Reading List

My thoughts on some of these books can be found here (all books) and here (novels only). The integrated links, for the most part, take you to my thoughts on the books.

2012 (non-fiction)

  • The Prophetic Imagination, Walter Brueggemann – current
  • Counterfeit Gods, Tim Keller – current
  • The Great Good Place, Ray Oldenburg – a description of the character of community spaces (third places), their importance to society, and the reasons for their decline.

2012 (fiction)

  • Rabbit, Run, Joh Updike – current.
  • The Confession, John Grisham – Another page-turning Grisham. A Lutheran minister makes a last gasp dash down to Texas to stop the execution of an innocent man on death row. He is accompanied by the real killer.
  • The Novel in the Viola, Natasha Solomons – current
  • Playing for Pizza, John Grisham – a charming non-legal novel about a washed up American Football player who can only get a job in the Italian amateur league.
  • Never Let Me Go, Kazuo Ishiguro – A girl looks back at her friendships made at a seemingly-idyllic private boarding school. But this is a darkly skewed version of our world and Ishiguro’s genius allows it to unfold slowly to the reader. Wonderful and disturbing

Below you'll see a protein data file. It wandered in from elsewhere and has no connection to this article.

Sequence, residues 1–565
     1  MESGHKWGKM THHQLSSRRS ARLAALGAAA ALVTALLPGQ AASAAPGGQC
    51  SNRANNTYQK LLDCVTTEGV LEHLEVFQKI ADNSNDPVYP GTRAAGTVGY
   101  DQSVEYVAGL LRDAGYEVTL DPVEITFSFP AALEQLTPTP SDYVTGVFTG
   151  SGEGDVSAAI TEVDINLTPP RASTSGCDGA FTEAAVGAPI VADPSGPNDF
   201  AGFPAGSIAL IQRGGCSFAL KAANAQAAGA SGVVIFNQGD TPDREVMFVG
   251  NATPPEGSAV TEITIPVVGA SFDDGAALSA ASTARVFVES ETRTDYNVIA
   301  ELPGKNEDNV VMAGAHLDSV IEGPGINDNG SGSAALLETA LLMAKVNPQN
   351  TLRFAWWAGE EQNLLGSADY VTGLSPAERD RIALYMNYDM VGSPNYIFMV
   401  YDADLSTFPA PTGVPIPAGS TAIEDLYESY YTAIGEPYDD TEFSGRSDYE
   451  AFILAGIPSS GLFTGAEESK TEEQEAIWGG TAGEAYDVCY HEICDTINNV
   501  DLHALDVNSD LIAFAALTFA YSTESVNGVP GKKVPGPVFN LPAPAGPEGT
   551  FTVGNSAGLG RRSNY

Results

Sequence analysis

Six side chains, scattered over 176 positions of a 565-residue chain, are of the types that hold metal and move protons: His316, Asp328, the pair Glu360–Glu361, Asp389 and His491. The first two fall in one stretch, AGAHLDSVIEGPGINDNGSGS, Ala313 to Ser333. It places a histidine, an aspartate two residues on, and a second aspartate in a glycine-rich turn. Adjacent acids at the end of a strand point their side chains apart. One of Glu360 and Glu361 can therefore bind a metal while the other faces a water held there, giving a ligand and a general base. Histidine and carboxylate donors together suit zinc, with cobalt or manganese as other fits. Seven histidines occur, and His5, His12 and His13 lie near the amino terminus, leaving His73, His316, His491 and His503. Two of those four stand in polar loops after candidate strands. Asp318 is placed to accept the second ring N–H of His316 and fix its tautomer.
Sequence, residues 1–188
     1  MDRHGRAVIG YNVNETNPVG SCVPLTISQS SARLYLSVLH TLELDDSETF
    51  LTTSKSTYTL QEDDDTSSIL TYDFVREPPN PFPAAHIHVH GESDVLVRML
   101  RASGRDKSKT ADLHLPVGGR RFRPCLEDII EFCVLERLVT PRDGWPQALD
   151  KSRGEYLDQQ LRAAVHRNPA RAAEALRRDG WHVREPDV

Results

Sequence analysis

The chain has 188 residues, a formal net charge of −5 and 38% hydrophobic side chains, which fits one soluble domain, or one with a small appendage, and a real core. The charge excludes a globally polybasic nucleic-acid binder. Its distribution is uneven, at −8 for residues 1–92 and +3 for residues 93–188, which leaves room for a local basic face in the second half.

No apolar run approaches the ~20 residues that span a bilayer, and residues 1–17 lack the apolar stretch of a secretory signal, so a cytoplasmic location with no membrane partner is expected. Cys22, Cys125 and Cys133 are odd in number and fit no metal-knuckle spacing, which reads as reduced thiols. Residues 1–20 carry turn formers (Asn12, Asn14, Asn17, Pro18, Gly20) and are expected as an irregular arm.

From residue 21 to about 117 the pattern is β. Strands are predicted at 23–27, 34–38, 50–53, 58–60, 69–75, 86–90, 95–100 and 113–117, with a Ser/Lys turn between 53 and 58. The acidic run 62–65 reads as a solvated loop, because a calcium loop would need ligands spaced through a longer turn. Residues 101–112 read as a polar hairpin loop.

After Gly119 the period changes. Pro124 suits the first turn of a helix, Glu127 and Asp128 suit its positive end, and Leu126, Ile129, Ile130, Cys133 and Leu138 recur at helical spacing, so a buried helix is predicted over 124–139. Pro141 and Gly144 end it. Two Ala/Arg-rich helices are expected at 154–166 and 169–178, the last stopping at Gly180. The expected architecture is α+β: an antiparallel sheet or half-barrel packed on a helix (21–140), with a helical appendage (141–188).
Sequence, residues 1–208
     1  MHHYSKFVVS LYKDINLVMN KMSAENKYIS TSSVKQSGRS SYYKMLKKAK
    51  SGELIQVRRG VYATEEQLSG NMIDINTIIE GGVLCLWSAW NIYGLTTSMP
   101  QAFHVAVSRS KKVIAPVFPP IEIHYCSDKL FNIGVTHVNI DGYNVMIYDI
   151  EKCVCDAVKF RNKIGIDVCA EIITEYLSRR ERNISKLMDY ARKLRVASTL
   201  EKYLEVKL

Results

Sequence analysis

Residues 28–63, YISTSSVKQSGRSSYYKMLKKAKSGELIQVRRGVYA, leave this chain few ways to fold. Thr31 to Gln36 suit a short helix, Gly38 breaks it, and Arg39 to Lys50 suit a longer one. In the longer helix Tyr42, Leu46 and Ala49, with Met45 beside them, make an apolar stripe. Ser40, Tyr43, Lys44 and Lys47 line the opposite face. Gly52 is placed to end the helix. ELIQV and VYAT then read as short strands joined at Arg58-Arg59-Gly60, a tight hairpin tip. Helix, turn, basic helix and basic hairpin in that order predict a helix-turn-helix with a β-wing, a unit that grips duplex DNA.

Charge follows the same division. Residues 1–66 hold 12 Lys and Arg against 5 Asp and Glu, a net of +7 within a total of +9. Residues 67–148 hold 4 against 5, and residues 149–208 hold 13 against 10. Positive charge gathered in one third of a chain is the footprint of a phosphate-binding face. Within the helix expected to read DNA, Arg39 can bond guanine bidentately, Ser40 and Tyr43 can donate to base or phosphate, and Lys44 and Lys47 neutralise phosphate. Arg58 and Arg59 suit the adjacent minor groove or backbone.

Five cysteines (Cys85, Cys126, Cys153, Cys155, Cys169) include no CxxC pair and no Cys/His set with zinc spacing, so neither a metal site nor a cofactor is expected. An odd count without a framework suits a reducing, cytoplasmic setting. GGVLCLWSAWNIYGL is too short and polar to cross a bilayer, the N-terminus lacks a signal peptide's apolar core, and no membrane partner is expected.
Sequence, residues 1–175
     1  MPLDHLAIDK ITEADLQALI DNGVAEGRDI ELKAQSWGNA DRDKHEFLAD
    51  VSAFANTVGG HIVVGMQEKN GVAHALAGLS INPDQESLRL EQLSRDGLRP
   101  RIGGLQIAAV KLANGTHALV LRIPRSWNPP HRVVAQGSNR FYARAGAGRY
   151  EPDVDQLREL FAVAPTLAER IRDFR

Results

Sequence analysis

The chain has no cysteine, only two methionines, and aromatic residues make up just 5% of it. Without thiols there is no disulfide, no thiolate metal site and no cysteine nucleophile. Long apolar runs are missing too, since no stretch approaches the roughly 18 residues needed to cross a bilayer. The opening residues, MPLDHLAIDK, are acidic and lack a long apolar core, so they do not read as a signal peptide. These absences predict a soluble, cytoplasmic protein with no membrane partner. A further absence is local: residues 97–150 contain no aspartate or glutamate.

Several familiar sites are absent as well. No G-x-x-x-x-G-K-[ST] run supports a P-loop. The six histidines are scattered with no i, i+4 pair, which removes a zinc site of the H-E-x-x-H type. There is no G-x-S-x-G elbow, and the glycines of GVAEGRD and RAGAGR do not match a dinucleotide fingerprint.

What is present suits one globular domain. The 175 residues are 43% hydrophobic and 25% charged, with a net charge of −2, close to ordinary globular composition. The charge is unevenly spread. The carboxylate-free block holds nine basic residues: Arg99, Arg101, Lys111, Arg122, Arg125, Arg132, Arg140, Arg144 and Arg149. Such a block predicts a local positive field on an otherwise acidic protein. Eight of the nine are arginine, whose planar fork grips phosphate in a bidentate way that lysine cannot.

• So Much For That, Lionel Shriver – Grand plans of retirement have to be put off as Shep Knachers wife and friends all need expensive medical treatment. My review here.

Have read in the past (non-fiction):

Have read in the past (fiction):

  • The Associate (John Grisham) – another fast paced law novel about a young law graduate who gets himself on the wrong end of a blackmail, and gets himself out. A fun read!
  • The Unthinkable Thoughts of Jacob Green (Joshua Braff) – a novel which follows a 10-year old Jewish boy as he deals with an overbearing Father. Not a great read but it’s an excellent lesson in how to be a bad parent.
  • The Last Juror (John Grisham) – the best Grisham I’ve read so far. The story covers 10 years in the life of a small-town newspaper editor as the town battles through and recovers from a violent murder. Characters are well rounded and it’s wonderfully written.
  • The Street Lawyer (John Grisham) – a corporate lawyer gets held a gunpoint by a homeless guy and this leads to a dramatic re-evaluation of his life as he switches to defend the little guys. Another good read which opens up ones eyes to the problems of homelessness.
  • The King of Torts (John Grisham) – a federal prosecutor gets some lucky tips which start a meteoric rise to the top of corporate law. Good story without much depth.
  • War and Peace (Leo Tolstoy) – Epic novel with the backdrop of the Napoleonic wars and Russian high class. Some thoughts here.
  • The Broker (John Grisham) – A former Washington insider is released unexpectedly from prison and is given a new life in Italy. However, the FBI only want to see who kills him to reveal information about the secrets he is hiding. Fast paced, gripping and a lot of fun.